You will notice that Albers takes a somewhat different perspective than my own. I always think it is a good idea to listen to a variety of differing viewpoints, but finally you have to trust your own judgment. She emphasizes the intuitive over the intellectual approach, feeling over thinking. Is it necessary to make a choice between the two? What do you think? How do you feel about this? It is a matter of temperament and preferences that will always differ between individuals. It is also reflected in their work. Some ceramic art is highly designed and obviously crafted through a tight control of technique. Other work is highly expressive, vivid with the emotional impact of a more spontaneous style of the maker. I have both approaches represented in a variety of artifacts in my pottery collection. I think the creative act inherently contains elements of both the emotions and reflected thought. In the best of times, both the expressive and analytical elements work together, silent partners in the creative act. They need not be on the surface of the maker’s consciousness but they are there nonetheless.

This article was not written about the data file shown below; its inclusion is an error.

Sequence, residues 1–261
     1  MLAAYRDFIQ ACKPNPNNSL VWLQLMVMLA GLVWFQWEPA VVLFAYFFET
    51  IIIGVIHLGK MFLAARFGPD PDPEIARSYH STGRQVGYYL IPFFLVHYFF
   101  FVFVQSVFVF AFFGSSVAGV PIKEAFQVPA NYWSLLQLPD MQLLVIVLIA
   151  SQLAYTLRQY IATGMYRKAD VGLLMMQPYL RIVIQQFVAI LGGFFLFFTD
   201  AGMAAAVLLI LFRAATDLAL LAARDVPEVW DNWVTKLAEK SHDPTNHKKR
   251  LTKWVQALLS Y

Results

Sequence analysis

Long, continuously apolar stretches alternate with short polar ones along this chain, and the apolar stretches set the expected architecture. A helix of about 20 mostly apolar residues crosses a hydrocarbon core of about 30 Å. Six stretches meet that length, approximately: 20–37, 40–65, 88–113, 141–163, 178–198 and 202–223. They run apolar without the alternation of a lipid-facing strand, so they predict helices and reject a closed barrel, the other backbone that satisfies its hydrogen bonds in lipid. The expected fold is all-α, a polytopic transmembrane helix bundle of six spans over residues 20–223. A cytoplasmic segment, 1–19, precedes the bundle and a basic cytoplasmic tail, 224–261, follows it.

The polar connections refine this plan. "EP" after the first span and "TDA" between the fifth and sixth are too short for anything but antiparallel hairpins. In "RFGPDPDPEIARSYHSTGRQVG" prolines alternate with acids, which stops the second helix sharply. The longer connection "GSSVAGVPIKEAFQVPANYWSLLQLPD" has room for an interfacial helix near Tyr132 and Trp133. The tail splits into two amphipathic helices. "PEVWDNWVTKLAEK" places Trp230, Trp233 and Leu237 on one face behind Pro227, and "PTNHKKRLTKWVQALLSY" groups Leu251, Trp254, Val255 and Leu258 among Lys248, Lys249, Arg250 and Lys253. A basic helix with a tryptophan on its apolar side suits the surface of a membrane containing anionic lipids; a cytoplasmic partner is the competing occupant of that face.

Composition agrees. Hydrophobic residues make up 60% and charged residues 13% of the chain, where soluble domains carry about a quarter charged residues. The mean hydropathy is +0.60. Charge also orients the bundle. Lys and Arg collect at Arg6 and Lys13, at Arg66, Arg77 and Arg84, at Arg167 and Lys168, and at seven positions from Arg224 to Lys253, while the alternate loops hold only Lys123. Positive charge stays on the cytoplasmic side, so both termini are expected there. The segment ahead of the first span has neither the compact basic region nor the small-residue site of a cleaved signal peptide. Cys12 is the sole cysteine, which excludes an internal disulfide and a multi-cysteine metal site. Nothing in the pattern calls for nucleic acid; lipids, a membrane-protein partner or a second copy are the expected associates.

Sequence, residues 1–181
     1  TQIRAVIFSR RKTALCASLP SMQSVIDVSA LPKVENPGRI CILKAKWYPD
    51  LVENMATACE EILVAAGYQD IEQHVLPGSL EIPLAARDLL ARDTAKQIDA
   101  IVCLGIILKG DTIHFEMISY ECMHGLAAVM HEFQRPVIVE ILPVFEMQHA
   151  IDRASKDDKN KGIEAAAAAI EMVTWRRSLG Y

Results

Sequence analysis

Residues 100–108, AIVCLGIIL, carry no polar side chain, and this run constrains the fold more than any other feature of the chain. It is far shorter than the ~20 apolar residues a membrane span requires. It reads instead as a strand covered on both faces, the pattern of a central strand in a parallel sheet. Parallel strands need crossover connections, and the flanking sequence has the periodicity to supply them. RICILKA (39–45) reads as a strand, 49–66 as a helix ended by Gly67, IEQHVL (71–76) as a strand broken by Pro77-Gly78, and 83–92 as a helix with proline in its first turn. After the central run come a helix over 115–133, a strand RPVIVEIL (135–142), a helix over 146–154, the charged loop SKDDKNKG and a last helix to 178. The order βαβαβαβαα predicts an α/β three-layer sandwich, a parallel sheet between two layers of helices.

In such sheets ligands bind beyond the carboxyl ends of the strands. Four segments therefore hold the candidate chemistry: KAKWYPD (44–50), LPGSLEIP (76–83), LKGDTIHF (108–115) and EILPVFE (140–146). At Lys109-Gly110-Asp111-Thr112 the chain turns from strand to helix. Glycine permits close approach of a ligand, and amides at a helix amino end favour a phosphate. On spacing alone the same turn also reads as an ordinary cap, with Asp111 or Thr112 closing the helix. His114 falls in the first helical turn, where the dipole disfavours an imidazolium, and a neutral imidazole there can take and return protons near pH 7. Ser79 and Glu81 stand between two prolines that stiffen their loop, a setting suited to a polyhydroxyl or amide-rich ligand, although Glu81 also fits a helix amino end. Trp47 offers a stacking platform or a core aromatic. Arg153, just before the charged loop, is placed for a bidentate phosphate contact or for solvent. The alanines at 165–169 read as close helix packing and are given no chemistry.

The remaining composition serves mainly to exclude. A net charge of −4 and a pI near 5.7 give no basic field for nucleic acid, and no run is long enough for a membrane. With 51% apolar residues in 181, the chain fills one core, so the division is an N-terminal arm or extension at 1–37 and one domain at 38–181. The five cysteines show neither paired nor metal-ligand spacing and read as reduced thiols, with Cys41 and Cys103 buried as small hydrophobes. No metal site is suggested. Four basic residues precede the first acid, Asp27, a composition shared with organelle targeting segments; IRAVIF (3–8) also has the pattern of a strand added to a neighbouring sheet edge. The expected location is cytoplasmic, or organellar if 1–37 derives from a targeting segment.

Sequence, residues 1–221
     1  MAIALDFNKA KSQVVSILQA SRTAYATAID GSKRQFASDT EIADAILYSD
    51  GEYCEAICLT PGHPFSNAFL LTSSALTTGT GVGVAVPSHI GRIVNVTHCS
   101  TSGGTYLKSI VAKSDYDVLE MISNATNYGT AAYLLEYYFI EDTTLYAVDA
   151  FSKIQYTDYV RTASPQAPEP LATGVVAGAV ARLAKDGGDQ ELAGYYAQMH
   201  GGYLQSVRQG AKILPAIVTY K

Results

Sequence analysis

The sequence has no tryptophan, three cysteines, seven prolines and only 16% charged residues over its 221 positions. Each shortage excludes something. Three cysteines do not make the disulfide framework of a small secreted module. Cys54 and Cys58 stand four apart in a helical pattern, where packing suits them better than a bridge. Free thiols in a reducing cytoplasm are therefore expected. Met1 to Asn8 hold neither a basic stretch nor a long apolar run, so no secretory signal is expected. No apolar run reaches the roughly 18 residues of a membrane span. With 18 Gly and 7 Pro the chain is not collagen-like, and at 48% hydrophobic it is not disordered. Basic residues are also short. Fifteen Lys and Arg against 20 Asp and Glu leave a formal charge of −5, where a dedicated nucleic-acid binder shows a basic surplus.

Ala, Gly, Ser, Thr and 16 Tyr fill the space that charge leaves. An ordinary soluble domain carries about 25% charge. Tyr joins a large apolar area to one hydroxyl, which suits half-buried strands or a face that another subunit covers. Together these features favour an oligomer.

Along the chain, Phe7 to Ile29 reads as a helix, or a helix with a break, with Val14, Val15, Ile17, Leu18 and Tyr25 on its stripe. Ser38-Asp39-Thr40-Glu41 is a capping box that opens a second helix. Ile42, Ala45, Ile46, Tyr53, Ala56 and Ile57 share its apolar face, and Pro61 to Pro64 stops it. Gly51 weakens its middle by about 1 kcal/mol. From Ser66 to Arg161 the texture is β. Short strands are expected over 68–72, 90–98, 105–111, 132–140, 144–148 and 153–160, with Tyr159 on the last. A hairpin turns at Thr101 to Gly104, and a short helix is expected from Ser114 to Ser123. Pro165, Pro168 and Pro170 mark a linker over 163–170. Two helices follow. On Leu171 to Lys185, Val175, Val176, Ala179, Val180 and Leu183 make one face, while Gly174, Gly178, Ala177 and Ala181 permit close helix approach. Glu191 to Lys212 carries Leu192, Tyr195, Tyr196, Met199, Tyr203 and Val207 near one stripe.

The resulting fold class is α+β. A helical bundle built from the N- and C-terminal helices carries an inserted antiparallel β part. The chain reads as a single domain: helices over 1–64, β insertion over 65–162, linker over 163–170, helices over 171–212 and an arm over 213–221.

I think that both Albers and I agree that the creative process is therapeutic for the maker in a number of ways. It too is a place where time and memory play a part in the steady construction of self as w ell as the creation of vessels or other ceramic work. The embedded memories of all these experiences accumulate in an increasing mastery that can command a greater and greater vocabulary of possible results. In that sense, both time and memory are friends and allies of the maker. I want to end this particular blog with a quotation from my book, “Searching for Beauty: Letters from a Collector to a Studio Potter”, concerning how makers create themselves as they in turn create the pot.
“The observable integrity of the individual pot is a representation of the integrity of the person who created it. Ironically, this stumbling struggle to attain mastery only becomes convincing when it also demonstrates the fallibility of your human status. You are embedded and enshrined in the artifact – including the unconscious orientation of your time and place, the worldview grafted on you at birth, the parochial elements of the neighborhood of your youth. You cannot ever erase all evidence in the pot of the world that made you. You can only add self-conscious elements that form the truly creative aspects. This dual struggle requires great energy – to create yourself and those self-advertising artifacts that celebrate that self – all at the same time. You must surely learn to love yourself – forgive yourself – and go on. In fact perhaps the greatest triumph will occur when you find yourself in the pot, when the pot represents a personal identity that you could never understand any other way. Perhaps each pot becomes a self revelation to yourself as you fuse person with pot.”
Thursday, December 16th, 2010